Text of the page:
South African Miners Strike at Fear By GREG MARINOVICH
South African Miners Strike at Fear
By GREG MARINOVICH
Greg Marinovich is an award-winning photojournalist and filmmaker from South Africa. As a member of the famed “Bang-Bang Club” — which included Kevin Carter, Ken Oosterbroek and Joao Silva — he chronicled his homeland’s rocky transition from apartheid to democracy. His photo of a suspected spy being hacked and burned alive by supporters of the African National Congress earned Mr. Marinovich the Pulitzer Prize for spot news photography in 1991. He recently spent several weeks investigating a brutal clash in August when security forces killed 34 miners who had gone out on a wildcat strike.
- SIPHO HLONGWANE
- SOUTH AFRICA
- 5 DECEMBER 2012 02:29 (SOUTH AFRICA)
AMCU president Joseph Mathunjwa appeared credible and honest under scrutiny once again at the Marikana Commission of Inquiry. But for the intervention of lawyers sympathetic to his side, he could have been left tainted. By SIPHO HLONGWANE.
The animosity between the National Union of Mineworkers (NUM) and the Association of Mineworkers and Construction Union (AMCU) before 16 August has led the president of the latter into sharky water at the Marikana Commission of Inquiry. Joseph Mathunjwa was unexpectedly called upon to intervene in the escalating labour unrest, even though his union was not the bargaining partner to the company. His politicking has opened an opportunity for lawyers to question his priorities.
Tshepiso Ramphele, the lawyer acting for two security guards who were killed by striking miners, put it to Mathunjwa that the union was responsible because some of the men who committed the murders were AMCU members. Mathunjwa backed out of that charge by stating that his union never called the strike.
“We regret the loss of life, but we can’t take responsibility, because this was the workers’ strike, not the AMCU’s strike. As a union you can’t divorce yourself, but it doesn’t mean you agree with them,” Mathunjwa said.
Previously, the AMCU president also stated that they had agreed with the company’s legal bid to have the strike declared unlawful before the 16 August massacre happened.
Takalani Masevhe, who is acting for the family of Warrant Officer Tsietsi Monene, also challenged the unionist for not trying to warn the police that threats had been made against them. A video was broadcast earlier at the commission, and shows the striking workers being addressed by one of their leaders in Mathunjwa’s presence.
“If the police claim to have safety, they should go and apply that safety to the employer. We are not leaving this place unless we get what we want,” the strike leader, Mgcineni Nokwe, said. “Let them go immediately. Those police brought here are going to remain here. They will not be able to get back into that hippo. We will finish them here.”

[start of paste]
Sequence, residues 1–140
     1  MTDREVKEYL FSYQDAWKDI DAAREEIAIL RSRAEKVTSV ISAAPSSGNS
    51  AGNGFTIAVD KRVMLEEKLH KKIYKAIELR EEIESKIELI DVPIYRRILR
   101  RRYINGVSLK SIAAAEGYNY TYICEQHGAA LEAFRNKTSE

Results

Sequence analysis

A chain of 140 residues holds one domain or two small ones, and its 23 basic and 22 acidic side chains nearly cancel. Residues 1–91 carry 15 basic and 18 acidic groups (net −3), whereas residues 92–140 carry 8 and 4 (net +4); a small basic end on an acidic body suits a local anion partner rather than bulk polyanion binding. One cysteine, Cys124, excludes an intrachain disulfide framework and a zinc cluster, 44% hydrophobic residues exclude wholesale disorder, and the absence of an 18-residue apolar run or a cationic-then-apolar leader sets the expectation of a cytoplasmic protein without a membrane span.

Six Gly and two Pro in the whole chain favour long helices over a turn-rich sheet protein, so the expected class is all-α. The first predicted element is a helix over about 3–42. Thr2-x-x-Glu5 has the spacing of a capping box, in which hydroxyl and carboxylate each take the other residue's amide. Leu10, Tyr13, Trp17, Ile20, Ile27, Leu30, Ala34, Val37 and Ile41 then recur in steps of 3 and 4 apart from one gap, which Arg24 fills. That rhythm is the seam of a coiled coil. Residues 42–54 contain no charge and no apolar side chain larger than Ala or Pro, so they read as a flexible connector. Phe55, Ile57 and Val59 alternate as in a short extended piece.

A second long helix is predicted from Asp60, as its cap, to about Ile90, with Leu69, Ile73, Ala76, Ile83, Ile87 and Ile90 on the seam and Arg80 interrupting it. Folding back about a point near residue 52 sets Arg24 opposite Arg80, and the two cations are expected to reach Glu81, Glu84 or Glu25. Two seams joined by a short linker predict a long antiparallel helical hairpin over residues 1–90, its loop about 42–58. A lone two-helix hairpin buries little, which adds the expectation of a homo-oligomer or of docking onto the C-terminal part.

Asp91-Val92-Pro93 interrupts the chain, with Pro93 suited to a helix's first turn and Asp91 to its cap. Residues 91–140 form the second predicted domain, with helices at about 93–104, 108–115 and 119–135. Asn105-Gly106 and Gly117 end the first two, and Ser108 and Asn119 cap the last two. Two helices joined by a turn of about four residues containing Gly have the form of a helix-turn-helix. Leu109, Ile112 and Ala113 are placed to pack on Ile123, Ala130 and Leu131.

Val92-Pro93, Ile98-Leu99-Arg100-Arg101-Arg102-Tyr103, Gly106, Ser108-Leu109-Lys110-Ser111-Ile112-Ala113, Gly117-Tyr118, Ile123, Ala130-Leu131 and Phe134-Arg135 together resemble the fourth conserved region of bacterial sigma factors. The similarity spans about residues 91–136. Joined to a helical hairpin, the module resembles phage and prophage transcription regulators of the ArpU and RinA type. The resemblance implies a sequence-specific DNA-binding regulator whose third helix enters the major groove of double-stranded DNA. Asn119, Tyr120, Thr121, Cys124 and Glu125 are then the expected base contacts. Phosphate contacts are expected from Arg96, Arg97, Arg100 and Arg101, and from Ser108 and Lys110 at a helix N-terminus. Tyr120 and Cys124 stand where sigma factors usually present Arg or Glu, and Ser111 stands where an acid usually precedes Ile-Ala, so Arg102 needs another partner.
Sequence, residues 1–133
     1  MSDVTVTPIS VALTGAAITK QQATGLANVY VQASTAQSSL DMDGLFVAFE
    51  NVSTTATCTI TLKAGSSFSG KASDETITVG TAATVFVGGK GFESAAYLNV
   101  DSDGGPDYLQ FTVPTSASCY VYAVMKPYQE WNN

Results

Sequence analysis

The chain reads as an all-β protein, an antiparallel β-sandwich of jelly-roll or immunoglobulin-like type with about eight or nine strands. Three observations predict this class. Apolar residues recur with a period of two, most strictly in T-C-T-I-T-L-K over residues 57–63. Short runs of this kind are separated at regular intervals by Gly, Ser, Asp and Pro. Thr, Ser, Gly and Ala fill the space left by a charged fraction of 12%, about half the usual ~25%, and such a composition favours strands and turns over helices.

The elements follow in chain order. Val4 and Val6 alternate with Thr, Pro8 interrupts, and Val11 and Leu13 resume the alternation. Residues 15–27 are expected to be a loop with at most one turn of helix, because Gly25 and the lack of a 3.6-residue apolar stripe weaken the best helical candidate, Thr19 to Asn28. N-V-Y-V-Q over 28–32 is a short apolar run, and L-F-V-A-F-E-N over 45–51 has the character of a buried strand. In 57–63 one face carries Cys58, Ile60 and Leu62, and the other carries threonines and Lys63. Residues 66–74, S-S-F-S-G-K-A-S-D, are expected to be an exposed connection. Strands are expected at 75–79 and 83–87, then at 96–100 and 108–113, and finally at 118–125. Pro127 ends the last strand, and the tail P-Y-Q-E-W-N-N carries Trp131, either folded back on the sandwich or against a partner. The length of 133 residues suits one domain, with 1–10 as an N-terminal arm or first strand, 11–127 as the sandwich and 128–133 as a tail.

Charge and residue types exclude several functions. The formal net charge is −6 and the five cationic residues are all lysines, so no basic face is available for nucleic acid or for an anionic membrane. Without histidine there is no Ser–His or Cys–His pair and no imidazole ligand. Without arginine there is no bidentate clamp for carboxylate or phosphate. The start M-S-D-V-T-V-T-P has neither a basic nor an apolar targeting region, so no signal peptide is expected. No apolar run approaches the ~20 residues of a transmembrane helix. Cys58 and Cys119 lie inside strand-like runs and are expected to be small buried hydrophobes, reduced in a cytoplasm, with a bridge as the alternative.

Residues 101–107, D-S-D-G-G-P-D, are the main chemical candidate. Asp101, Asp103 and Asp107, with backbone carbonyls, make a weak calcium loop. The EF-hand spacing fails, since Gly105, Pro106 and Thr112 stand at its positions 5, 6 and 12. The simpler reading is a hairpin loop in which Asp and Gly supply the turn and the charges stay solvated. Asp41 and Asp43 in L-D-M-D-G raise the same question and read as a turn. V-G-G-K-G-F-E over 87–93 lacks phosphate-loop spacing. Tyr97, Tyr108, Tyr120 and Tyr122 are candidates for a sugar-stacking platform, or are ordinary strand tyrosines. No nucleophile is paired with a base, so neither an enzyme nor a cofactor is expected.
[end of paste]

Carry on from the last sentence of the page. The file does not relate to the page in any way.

He was killed at the hands of the police later that afternoon.
Masevhe questioned why Mathunjwa did not try to either stop the miners from making threats, or why he didn’t warn the police. However, the union boss has stated on several questions that the police were uncooperative towards him on that day. Also, he has said that as much as his union was more trusted by the striking miners than AMCU, he didn’t have the power to make the workers do anything. The only promise he extracted from them was that they would disarm if Lonmin came to negotiate with them.
Ramphele and Masevhe were two of several lawyers who failed to make headway against Mathunjwa for asking redundant questions. This was in contrast to the stern cross-examination of police advocate Ishmael Semenya and Lonmin advocate Schalk Burger SC on the previous days of this cross-examination.
It was left to Dumisa Ntsebeza, who represents the families of the 34 miners who were killed, to recast Mathunjwa in a positive light after other lawyers suggested that AMCU may have been involved in goading the workers. He, the lawyers for the injured and arrested miners and AMCU are trying to paint the tragedy as having been the fault of the police, the company and NUM.
After the commission saw videos of AMCU national organiser Dumisani Nkalitshana singing songs about killing the NUM with the striking miners, Ntsebeza cross-examined Mathunjwa to give the meeting an innocuous cultural connotation.
“In my culture, it is December now and we will be going back home where I will take my sharpened stick. As we sing and dance, we do the clashing of the weapons every time,” Mathunjwa said, when asked why he hadn’t been afraid of the armed men.
Ntsebeza was briefly challenged by Lonmin’s Burger on the songs, and replied by comparing them to chants between football fans.
Mathunjwa’s history with NUM was also clarified, when Ntsebeza asked about the animosity between the two unions. When he was NUM’s local secretary at Douglas Colliery, he was expelled for leading a reportedly unprotected strike. His membership was terminated after he refused to sit in on a disciplinary hearing chaired by the then NUM general secretary Gwede Mantashe (now the ANC secretary general), citing it as unfair.
So far, the testimony of Mathunjwa has revealed that the police and the company may have failed to listen to him, even though he apparently got a breakthrough promise of disarmament and dispersal on the 15th. But we have also learned that he and his colleagues leapt at a chance to seize Lonmin away from NUM, and could have been inappropriately zealous in their interactions with the miners. Of course, their actions on the day would not have been viewed in this light if nobody died.
Mathunjwa’s cross-examination continues next week Wednesday. DM
- Marikana Commission: Joseph Mathunjwa stands his ground in Daily Maverick
Photo by Greg Marinovich. Wonderkop, Marikana, Oct 18, 2012.